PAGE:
Pilot Test: BrainWise Taught to Previously Homeless VeteransPosted On: February 13, 2023
To address the multiple needs of previously homeless veterans with serious mental illness (SMI), the Veterans Administration (VA) offers a number of specialized services, some which are imbedded into transitional housing programs that offer treatment for mental health and substance abuse disorders. Despite the variety of services available, many Veterans do not succeed in their goals of obtaining housing and integrating into the community and there is a need for novel approaches that might promote self-sufficiency and goal attainment.
To this end, Dr. Jared Greenberg, a psychiatrist at the Greater Los Angeles VA, contacted us after reading published research that found the BrainWise program had improved executive functions in previously homeless men.
This finding led him to develop a pilot study to test BrainWise with a small group of inpatient veterans at the Domiciliary, a transitional house and treatment program located on the West Los Angeles VA campus.
Dr. Greenberg completed teaching BrainWise to two small groups of Veterans and he and his research team are now analyzing data they collected from the study. For this newsletter article, he shared his observations teaching BrainWise and how participants reacted to the material.
Dr. Greenberg said the Veterans at the Domiciliary are at a “pivotal time for transition” to receive the intervention programs and tools the Domiciliary offers. None of the offerings specifically teach executive function skills, and testing BrainWise was an opportunity to find out how Veterans would react to the program. His first comments for the interview were: “Every single participant’s reaction was overwhelmingly positive to an extent I could not have expected.”
Dr. Greenberg said the participants who completed the program – Veterans who have experienced years of mental health issues and treatments – shared their impressions and experiences of BrainWise in focus groups held throughout the course of the study.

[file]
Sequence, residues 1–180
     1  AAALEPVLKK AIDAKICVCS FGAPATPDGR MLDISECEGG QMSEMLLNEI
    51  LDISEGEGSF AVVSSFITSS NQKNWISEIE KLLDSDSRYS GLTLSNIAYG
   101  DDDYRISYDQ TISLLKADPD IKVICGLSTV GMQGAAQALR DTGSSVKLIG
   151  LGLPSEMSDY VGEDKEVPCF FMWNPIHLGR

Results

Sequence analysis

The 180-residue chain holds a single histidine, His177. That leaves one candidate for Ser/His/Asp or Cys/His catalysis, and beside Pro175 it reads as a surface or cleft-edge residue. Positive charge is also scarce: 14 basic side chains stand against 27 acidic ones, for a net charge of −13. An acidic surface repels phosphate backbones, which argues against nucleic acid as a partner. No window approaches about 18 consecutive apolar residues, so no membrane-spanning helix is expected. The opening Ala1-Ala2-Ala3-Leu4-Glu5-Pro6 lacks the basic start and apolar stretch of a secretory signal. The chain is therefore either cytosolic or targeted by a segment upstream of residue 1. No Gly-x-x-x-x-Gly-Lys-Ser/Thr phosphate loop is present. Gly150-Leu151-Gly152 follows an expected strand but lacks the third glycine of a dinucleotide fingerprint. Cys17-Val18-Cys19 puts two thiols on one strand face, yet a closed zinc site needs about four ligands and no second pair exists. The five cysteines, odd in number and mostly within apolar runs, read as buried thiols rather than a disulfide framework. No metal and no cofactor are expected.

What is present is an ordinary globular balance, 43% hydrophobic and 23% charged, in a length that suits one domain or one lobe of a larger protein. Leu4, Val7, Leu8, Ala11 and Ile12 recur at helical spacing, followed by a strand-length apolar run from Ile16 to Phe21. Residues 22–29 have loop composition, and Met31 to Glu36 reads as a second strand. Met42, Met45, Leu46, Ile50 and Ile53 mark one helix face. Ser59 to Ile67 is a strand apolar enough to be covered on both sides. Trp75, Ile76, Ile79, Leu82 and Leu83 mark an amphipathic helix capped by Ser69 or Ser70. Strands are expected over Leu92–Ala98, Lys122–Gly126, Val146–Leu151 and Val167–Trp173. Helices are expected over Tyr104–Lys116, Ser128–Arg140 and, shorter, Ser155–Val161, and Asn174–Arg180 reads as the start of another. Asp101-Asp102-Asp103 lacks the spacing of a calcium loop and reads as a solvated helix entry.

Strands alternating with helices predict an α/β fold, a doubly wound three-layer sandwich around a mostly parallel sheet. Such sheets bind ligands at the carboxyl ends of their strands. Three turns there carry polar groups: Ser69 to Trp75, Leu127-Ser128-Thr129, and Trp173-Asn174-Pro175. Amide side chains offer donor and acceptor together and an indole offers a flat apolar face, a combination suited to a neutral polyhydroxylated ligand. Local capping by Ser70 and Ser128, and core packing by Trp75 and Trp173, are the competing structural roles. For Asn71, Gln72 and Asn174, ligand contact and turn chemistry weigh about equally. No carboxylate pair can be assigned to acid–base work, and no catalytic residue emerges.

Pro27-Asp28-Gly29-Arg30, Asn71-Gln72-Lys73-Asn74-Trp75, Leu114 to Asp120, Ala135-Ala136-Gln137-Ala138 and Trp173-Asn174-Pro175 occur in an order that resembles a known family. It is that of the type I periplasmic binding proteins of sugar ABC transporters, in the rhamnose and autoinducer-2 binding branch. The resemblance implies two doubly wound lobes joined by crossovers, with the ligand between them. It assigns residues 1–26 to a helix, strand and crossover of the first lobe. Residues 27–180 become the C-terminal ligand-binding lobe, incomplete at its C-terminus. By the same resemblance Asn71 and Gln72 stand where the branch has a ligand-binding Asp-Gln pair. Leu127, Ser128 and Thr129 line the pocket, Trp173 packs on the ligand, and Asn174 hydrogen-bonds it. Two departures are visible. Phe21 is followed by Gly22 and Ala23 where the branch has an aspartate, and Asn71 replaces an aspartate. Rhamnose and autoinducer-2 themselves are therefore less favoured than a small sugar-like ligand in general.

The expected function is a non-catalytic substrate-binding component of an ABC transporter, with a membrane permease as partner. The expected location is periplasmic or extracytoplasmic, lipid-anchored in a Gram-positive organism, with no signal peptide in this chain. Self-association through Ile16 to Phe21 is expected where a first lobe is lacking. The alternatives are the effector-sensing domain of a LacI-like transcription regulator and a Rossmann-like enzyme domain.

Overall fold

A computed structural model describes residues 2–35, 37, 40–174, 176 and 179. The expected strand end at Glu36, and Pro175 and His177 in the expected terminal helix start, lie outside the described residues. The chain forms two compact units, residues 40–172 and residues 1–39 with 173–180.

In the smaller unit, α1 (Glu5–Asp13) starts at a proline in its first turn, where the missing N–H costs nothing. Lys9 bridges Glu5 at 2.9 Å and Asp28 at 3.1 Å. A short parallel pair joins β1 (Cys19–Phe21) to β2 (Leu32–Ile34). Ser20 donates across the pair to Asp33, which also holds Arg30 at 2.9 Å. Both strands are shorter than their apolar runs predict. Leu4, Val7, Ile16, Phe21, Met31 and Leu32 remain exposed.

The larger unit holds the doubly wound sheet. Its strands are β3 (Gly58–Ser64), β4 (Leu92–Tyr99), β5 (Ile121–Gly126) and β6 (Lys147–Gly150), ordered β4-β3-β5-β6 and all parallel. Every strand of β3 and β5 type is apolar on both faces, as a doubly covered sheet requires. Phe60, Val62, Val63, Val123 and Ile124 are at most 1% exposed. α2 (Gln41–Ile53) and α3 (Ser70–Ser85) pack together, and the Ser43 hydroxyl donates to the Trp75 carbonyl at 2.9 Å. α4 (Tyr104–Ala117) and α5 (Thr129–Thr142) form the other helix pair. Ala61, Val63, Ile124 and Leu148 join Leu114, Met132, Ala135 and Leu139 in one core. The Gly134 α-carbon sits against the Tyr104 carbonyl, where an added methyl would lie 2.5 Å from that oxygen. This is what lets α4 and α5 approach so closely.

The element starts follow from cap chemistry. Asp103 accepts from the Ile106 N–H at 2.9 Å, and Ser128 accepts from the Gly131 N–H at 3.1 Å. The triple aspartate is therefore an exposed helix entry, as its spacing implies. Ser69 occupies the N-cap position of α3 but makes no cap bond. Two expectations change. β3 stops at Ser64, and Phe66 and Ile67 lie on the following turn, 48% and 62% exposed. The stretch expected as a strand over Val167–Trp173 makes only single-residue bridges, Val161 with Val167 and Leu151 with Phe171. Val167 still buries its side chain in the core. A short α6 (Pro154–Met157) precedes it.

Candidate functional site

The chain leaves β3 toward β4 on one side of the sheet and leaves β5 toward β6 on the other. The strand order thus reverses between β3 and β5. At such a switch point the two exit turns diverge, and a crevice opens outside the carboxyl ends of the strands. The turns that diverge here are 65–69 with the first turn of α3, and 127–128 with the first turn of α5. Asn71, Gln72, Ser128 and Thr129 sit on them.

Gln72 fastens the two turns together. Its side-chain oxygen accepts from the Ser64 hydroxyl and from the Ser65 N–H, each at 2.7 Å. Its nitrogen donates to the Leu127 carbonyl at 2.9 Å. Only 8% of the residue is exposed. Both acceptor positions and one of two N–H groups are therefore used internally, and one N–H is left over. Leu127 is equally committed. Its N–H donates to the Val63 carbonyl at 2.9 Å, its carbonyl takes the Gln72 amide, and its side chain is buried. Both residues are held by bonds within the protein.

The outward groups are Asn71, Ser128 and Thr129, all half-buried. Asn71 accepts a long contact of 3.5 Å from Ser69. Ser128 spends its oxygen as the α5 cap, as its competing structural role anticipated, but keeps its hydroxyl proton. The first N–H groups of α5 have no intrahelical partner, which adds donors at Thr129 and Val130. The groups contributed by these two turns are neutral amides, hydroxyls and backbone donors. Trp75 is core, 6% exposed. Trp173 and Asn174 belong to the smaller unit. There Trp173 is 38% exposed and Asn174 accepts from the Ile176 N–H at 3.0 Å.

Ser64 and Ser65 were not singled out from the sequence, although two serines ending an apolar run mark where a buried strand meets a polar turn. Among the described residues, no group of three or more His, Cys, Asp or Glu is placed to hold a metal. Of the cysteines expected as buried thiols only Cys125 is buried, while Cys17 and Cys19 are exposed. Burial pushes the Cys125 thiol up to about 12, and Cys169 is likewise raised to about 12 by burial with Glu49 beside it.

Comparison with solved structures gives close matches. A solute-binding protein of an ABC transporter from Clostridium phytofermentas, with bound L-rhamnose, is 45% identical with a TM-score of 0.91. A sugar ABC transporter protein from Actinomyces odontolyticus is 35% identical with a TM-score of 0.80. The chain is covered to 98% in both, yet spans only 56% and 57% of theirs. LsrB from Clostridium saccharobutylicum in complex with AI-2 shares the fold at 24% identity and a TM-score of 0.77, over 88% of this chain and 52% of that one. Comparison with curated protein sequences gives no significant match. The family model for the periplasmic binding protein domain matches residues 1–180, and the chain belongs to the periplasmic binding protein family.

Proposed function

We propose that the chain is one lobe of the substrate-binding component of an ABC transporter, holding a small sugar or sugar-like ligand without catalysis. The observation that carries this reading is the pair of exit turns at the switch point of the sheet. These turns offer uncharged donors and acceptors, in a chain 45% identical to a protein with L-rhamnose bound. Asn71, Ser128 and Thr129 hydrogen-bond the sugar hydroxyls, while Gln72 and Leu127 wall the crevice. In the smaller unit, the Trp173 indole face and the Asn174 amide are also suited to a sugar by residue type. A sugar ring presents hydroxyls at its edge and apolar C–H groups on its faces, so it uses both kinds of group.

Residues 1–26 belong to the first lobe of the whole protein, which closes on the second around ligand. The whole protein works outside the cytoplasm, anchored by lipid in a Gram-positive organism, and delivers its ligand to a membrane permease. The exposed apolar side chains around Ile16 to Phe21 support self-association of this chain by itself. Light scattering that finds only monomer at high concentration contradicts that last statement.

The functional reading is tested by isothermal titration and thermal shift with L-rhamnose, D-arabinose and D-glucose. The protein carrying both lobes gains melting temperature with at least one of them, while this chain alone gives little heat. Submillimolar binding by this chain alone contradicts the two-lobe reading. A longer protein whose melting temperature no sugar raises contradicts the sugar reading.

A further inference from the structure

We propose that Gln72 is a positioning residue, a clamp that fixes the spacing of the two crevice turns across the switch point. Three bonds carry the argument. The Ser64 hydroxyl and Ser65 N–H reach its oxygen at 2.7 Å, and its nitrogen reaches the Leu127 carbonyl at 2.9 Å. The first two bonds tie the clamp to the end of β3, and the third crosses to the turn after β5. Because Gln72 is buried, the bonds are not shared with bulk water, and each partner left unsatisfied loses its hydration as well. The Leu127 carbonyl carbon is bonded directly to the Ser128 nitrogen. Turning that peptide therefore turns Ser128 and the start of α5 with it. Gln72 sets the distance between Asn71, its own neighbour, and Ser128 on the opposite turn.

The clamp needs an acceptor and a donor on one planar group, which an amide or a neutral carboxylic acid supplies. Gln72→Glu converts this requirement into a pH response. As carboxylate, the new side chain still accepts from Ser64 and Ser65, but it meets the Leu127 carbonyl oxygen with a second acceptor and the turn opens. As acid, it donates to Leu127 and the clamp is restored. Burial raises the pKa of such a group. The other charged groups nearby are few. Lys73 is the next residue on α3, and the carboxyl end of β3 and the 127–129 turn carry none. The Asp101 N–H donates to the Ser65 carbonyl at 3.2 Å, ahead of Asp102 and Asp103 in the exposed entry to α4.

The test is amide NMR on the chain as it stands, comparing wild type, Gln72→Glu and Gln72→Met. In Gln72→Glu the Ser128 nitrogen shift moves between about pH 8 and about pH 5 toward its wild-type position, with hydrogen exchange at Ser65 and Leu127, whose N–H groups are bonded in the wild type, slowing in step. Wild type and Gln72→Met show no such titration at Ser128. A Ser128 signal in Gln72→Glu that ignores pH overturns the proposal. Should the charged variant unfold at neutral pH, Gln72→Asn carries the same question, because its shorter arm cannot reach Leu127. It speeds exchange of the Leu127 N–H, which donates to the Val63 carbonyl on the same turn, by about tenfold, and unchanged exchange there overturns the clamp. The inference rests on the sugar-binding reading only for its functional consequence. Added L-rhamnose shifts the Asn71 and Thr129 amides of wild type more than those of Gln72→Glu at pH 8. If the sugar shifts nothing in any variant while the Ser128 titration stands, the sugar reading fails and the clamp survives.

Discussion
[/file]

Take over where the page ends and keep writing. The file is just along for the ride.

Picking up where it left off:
The participants indicated that BrainWise was a “life-changing” experience and described how the program helped them pull together skills and knowledge gained from other resources, groups, and treatments. He said, “They really loved BrainWise and felt it should be offered to all Veterans.”
Dr. Greenberg praised the Veterans throughout and called them “amazing individuals.” He said their enthusiasm for BrainWise created a positive buzz throughout the Domiciliary, and this has led to “lots of interest” among staff and veterans.
At the end, he said a veteran asked him to “thank Dr. Barry for the effort she made to take a very a complicated subject and make it easy to understand.”
The BrainWise for Veterans project started in 2018 and was delayed because of COVID. Dr. Greenberg, his co-investigators, and other members of his research team graciously adapted to the changing issues. They aim to publish the study’s findings in the near future.
BrainWise team members provided the foundation that underlies the study’s success. I am closing the newsletter with links to articles that provide background information and identifies BrainWise trainers, instructors, and researchers.